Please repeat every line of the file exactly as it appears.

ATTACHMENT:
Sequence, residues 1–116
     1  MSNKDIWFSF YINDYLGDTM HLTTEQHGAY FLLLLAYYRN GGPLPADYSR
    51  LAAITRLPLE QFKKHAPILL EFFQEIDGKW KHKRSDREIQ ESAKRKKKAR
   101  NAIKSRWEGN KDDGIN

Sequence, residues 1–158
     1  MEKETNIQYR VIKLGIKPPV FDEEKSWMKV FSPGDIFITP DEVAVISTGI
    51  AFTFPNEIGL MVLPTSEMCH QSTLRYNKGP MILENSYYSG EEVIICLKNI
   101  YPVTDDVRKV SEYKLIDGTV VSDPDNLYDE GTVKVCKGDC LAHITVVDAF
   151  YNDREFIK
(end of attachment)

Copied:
Sequence, residues 1–116
     1  MSNKDIWFSF YINDYLGDTM HLTTEQHGAY FLLLLAYYRN GGPLPADYSR
    51  LAAITRLPLE QFKKHAPILL EFFQEIDGKW KHKRSDREIQ ESAKRKKKAR
   101  NAIKSRWEGN KDDGIN

Sequence, residues 1–158
     1  MEKETNIQYR VIKLGIKPPV FDEEKSWMKV FSPGDIFITP DEVAVISTGI
    51  AFTFPNEIGL MVLPTSEMCH QSTLRYNKGP MILENSYYSG EEVIICLKNI
   101  YPVTDDVRKV SEYKLIDGTV VSDPDNLYDE GTVKVCKGDC LAHITVVDAF
   151  YNDREFIK